AMES, Iowa — It was hot. The kind of heat that clung like a blanket, and made even the breeze blowing across the fields feel like steam from a shower. Cicadas provided their vibrating soundtrack as the four interns began planting. Despite the summer heatwave hitting Iowa, Brooklyn Vaske, Abigail Schlotfeldt, Jordyn Kloss and Sydney Ziesman were looking forward to their day of work in the sun.

For the past six years, Iowa State University students have had the opportunity to intern with the Hubbell Realty Company’s community management division. Through this program, landscape architecture students get hands-on experience in design and conservation in communities across the Des Moines metropolitan area.

This past summer, the intern team included three landscape architecture majors — Vaske, from West Des Moines; Schlotfeldt, from Waukee; and Kloss, from Badger — and one agricultural studies major, Zeisman.

Real circumstances

They spent about 85% of their time outdoors, said Vaske, planting, replanting and fulfilling service requests from community members. It was hard work with long hours, and it wasn’t glamorous. But the four students said they wouldn’t trade the experience for any other.

“I learned a lot about how plants are actually implemented in real life, instead of in a 2D model,” Schlotfeldt said. “Designing something on paper is one thing, but to actually see how they will perform in real circumstances is beneficial to how I’ll design things in the future.”

The other interns echoed her statements. “I found that experiencing the amount of maintenance it takes to keep a residential community in check helped me realize the mistakes that I have made in the past with my project designs,” said Kloss.

In the early morning light, the interns stopped at a local nursery to pick up supplies for the day: trees, grass seed, shovels, dirt and water. Lots of water. During the 8 a.m.–5 p.m. shift, it was important they stayed hydrated. Their agenda consisted of planting trees, removing tree posts, weeding landscaping beds and seeding dead grass spots in yards.

“It got kind of hard in July, because there was a week or two where it was so hot we just couldn’t do anything,” Vaske said.

The plant book

On those dog days of summer when it was deemed too hot for outdoor work, the interns were tasked with creating a list of all the plants Hubbell typically uses in its communities. They meticulously recorded everything they could about the variety of plants and their uses in prairies and conservation areas. They completed research on the different species, ideal growing conditions and more, compiling it all into one handy book — the plant book, they called it. It was a project they were all proud of, as it would continue to serve the employees at Hubbell even after their internship ended.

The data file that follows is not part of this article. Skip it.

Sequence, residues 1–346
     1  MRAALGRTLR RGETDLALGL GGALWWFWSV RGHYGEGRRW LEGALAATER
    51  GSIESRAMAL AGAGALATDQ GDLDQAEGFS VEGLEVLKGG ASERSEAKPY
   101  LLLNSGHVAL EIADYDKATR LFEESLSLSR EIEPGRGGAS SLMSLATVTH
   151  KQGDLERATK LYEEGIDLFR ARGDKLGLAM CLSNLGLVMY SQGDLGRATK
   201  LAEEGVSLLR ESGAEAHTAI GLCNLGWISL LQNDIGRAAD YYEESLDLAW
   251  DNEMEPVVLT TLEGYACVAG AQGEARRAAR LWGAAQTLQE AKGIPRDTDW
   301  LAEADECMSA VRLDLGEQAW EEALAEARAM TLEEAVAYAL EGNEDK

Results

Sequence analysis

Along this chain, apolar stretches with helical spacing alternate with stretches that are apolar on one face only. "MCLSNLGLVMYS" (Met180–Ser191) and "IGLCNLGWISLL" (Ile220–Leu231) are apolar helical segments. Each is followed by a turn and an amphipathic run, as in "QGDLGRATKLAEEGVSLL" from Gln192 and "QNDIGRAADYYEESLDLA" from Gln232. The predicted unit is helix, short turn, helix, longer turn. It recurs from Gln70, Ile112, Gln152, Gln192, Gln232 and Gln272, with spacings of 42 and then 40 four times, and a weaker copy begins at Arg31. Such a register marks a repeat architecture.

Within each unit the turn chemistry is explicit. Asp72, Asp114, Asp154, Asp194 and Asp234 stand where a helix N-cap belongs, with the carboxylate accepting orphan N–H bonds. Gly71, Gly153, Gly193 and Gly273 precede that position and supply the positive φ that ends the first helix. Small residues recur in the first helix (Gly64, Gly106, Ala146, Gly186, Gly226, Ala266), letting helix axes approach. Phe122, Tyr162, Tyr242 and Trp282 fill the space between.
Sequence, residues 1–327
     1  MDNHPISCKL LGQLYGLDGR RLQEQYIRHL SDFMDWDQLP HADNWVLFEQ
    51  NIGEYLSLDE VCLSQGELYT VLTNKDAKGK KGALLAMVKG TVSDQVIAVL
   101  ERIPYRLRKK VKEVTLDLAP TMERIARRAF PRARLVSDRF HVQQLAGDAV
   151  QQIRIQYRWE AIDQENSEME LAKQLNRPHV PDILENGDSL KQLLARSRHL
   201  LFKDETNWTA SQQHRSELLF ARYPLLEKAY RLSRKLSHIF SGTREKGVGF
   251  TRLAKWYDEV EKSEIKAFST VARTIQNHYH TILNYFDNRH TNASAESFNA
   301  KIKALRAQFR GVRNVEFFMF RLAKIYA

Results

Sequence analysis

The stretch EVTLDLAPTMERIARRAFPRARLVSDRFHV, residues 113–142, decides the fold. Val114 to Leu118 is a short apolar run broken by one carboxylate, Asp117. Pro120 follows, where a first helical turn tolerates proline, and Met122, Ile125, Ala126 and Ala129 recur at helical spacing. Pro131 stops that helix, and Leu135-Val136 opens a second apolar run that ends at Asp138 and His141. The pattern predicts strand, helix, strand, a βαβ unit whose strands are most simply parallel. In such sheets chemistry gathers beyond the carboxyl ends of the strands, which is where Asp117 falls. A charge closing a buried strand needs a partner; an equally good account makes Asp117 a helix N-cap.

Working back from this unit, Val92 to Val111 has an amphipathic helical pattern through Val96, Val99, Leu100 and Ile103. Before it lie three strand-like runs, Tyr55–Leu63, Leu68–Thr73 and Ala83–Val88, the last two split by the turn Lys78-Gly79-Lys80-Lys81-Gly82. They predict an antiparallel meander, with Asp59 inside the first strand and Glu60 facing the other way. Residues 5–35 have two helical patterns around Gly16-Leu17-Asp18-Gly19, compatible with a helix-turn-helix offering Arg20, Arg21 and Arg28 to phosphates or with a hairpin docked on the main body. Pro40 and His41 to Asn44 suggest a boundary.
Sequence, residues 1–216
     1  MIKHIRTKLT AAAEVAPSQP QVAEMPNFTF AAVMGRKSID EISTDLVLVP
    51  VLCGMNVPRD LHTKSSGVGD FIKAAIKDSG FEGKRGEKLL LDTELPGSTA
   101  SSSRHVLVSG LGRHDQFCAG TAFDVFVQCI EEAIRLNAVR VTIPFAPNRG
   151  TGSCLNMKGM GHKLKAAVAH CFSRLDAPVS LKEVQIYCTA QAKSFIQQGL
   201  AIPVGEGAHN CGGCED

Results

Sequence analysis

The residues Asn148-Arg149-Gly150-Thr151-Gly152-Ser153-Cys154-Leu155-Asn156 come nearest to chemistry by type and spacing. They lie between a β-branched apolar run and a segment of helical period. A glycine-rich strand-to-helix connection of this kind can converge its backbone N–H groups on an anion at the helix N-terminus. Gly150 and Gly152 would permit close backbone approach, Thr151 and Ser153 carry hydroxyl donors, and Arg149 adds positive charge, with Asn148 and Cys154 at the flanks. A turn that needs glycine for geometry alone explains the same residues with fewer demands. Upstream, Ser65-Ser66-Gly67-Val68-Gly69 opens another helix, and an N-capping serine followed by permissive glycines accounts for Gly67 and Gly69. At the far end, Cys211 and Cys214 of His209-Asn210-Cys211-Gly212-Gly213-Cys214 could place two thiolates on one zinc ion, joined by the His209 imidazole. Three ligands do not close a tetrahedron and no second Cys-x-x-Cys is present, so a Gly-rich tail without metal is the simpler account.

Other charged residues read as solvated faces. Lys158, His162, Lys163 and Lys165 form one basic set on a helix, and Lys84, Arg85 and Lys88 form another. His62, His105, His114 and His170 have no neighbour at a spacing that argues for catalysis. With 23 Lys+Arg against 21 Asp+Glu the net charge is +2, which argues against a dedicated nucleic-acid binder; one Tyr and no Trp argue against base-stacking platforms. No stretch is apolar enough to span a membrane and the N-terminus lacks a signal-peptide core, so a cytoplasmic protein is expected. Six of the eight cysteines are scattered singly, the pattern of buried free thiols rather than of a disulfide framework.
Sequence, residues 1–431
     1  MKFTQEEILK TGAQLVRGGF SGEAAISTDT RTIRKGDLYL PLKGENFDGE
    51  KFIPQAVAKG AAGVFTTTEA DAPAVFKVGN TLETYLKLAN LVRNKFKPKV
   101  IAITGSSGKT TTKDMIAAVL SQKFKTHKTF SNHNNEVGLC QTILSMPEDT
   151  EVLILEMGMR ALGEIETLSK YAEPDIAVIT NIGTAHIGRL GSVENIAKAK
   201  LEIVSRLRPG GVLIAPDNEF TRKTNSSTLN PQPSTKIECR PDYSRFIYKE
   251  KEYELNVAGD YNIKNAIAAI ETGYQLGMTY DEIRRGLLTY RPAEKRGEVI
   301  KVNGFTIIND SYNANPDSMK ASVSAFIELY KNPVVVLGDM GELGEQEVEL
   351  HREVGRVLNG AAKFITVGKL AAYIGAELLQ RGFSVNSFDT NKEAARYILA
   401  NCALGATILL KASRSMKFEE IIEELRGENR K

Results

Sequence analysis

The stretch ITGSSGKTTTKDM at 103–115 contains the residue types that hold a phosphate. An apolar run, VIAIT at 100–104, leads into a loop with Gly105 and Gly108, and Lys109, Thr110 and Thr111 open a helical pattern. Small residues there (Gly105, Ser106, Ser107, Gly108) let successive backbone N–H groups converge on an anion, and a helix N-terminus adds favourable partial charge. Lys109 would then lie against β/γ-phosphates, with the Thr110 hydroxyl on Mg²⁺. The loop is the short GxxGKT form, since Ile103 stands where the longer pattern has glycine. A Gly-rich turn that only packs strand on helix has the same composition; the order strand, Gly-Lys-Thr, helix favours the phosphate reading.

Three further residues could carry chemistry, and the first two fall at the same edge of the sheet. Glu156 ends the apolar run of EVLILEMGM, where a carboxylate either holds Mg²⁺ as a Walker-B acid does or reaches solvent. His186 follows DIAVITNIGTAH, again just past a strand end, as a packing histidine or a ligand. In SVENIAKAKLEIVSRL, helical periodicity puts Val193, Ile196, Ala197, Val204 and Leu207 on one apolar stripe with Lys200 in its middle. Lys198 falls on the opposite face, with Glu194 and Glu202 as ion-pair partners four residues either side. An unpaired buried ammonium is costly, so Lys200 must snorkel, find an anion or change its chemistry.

“I took advantage of this opportunity to learn as much as I could from [the landscape architecture majors], asking them what types of trees were planted and why were they planted in this specific area,” Ziesman said.

Kate Hightshoe, director of Hubbell Realty’s community management division who developed the internship program, said that’s what this opportunity is all about. Learning with a purpose, and a goal to become better.

“I want to create valued opportunity for students. I have a personal and professional interest in their education, and I enjoy seeing them learning through real experiences,” Hightshoe said. “It’s a chance for students to test the day-to-day real-life skills that they’ll use after graduation.”

Balancing ideal with realistic

Twenty-four students from Iowa State have completed the internship to date, some of whom participated more than once. Majors have ranged from horticulture and ecology to community and regional planning and landscape architecture. Hightshoe and the students agree it’s an amazing opportunity for anyone who wants the experience.

“The biggest takeaway is understanding the balance between ideals and realistic potential. How to be creative within an ethical paradigm, and mixing that creative dreaming with realistic application based on budgets and laws and everything like that,” Hightshoe said. She encourages students to reach out to her at any time for more information or to apply.

This year’s interns had the opportunity to share their experience with the company in a presentation at the American Society of Landscape Architecture (ASLA) Iowa conference on Sept. 17.

The heat has abated, but the knowledge and experience they gained through this internship will stay with them well beyond one summer.


Abigail Schlotfeldt, Landscape Architecture student, ajschlot@iastate.edu
Brooklyn Vaske, Landscape Architecture student, bvaske@iastate.edu
Sydney Ziesman, Agricultural Studies student, sziesman@iastate.edu
Kate Hightshoe, Hubbell Realty, kate.hightshoe@hubbellrealty.com
Hailey Allen, Design Communications, hallen15@iastate.edu
Heather Sauer, Design Communications, (515) 294-9289, hsauer@iastate.edu